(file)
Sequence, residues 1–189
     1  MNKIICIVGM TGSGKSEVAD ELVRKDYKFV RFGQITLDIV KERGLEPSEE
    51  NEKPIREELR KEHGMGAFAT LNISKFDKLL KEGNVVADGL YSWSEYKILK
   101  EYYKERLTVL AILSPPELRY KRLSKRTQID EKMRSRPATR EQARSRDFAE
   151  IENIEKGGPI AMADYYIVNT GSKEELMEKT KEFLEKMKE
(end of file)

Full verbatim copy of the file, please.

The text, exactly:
Sequence, residues 1–189
     1  MNKIICIVGM TGSGKSEVAD ELVRKDYKFV RFGQITLDIV KERGLEPSEE
    51  NEKPIREELR KEHGMGAFAT LNISKFDKLL KEGNVVADGL YSWSEYKILK
   101  EYYKERLTVL AILSPPELRY KRLSKRTQID EKMRSRPATR EQARSRDFAE
   151  IENIEKGGPI AMADYYIVNT GSKEELMEKT KEFLEKMKE